Two-dimensional materials made of Group 14 elements, graphene's cousins, have attracted enormous interest in recent years because of their unique potential as useful topological insulators.



In particular, the up-to-now purely theoretical possibility of a lead-based 2-D honeycomb material, called plumbene, has generated much attention because it has the largest , due to lead's orbital electron structure and therefore the largest energy band gap, potentially making it a robust 2-D topological insulator in which the Quantum Spin Hall Effect might occur even above room temperature.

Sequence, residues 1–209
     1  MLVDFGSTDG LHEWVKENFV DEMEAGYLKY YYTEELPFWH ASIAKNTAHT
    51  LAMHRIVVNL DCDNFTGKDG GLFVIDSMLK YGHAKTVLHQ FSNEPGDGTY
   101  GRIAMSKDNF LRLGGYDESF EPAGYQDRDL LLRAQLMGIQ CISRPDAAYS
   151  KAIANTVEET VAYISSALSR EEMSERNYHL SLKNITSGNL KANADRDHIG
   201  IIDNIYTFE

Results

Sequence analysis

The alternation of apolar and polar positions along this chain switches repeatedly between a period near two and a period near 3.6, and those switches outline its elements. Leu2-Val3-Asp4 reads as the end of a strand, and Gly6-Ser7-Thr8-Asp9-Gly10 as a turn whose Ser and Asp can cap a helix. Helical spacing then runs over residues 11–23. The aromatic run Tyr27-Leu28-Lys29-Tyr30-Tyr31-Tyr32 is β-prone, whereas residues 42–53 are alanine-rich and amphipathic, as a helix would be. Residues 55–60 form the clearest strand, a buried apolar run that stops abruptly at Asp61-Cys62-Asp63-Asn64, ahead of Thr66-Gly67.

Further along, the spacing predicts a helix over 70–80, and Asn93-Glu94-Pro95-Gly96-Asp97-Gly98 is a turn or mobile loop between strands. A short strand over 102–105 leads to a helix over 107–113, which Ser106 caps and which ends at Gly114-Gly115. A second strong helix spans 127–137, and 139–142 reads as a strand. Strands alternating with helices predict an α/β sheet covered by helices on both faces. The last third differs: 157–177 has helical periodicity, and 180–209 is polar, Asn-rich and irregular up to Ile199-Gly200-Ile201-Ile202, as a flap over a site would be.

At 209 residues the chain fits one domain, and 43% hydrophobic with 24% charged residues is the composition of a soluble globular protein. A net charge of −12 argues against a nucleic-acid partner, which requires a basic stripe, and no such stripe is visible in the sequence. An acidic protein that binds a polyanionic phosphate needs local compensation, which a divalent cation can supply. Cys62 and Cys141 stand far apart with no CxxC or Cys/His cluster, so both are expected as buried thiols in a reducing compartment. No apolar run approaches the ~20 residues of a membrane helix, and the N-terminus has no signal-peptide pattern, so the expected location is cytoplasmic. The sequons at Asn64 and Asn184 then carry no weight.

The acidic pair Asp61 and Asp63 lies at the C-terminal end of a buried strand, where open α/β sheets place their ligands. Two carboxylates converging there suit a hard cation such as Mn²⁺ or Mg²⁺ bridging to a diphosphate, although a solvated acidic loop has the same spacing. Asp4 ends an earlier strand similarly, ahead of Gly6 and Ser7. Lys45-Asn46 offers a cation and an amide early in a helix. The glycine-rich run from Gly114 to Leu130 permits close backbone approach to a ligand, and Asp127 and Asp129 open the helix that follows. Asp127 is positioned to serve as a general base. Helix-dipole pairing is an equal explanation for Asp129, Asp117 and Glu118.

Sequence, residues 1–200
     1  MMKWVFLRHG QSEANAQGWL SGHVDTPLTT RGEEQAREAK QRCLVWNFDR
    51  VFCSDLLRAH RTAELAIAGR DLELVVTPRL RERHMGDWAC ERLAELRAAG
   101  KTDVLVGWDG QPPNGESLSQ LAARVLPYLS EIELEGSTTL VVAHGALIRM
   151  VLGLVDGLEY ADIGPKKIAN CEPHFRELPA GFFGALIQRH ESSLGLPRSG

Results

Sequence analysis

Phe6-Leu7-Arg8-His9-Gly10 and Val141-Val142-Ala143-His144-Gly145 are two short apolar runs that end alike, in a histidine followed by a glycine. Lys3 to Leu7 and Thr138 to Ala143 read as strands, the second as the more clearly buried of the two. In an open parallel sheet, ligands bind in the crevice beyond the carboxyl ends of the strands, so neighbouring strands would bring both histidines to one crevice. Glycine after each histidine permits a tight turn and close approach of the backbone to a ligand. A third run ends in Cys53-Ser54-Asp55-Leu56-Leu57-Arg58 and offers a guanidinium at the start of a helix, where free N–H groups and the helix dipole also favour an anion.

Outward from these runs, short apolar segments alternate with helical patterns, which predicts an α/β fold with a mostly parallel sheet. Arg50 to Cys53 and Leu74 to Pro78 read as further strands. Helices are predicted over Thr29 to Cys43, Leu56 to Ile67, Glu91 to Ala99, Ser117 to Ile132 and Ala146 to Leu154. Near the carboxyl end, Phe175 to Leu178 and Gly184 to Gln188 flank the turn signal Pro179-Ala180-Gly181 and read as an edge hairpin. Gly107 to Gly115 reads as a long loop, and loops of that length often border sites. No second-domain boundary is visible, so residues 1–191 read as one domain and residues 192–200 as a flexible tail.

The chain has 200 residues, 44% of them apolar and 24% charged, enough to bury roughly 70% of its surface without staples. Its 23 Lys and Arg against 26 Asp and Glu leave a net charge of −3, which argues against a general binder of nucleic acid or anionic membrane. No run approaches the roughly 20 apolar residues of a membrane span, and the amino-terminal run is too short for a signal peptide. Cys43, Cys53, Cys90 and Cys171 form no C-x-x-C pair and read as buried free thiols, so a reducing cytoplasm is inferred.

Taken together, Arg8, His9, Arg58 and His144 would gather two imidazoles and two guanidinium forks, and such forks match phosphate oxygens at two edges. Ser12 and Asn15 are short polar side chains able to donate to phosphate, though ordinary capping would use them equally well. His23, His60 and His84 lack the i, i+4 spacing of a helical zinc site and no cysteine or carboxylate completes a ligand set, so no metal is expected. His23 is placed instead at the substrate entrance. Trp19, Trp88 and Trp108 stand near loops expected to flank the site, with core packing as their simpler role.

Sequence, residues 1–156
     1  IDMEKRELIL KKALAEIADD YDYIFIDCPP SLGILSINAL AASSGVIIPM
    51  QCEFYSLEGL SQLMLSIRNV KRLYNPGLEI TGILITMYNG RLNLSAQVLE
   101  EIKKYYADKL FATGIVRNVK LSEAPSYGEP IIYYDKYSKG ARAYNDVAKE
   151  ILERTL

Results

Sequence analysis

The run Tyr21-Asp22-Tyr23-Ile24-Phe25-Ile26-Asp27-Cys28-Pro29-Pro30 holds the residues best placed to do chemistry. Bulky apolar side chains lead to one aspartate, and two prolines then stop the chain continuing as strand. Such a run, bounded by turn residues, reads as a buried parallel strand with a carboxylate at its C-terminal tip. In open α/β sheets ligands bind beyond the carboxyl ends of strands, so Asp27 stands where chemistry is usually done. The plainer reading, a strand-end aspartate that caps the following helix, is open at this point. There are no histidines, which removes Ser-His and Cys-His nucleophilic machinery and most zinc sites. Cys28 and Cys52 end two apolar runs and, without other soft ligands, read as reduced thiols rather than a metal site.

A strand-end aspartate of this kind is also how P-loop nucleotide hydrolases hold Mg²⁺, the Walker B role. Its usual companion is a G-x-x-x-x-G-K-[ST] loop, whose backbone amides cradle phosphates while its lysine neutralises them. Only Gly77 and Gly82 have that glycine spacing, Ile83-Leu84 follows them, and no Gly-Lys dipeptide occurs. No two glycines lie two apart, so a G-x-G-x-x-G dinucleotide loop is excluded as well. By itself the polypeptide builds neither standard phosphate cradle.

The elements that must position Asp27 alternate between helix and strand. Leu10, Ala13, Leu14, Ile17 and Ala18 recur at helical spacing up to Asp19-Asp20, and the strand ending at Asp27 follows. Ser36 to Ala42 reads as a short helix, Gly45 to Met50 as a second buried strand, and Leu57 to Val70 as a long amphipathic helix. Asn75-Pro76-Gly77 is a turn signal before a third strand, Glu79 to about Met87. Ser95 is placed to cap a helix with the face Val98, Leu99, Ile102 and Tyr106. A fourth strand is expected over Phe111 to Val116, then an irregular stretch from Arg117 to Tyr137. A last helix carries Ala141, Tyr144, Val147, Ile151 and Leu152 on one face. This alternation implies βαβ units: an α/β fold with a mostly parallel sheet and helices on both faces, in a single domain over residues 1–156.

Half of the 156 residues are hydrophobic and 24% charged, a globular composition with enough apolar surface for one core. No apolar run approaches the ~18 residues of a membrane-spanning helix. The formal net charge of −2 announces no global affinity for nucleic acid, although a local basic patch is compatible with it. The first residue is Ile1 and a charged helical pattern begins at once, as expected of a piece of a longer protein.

For this reason, finding a reliable and cheap method of synthesizing plumbene has been considered to be an important goal of materials science research.


Now, Nagoya University-led researchers have created plumbene by annealing an ultrathin lead (Pb) film on palladium Pd(111). The resulting surface material has the signature honeycomb structure of a 2-D monolayer, as revealed by scanning tunneling microscopy.

To read more, click here.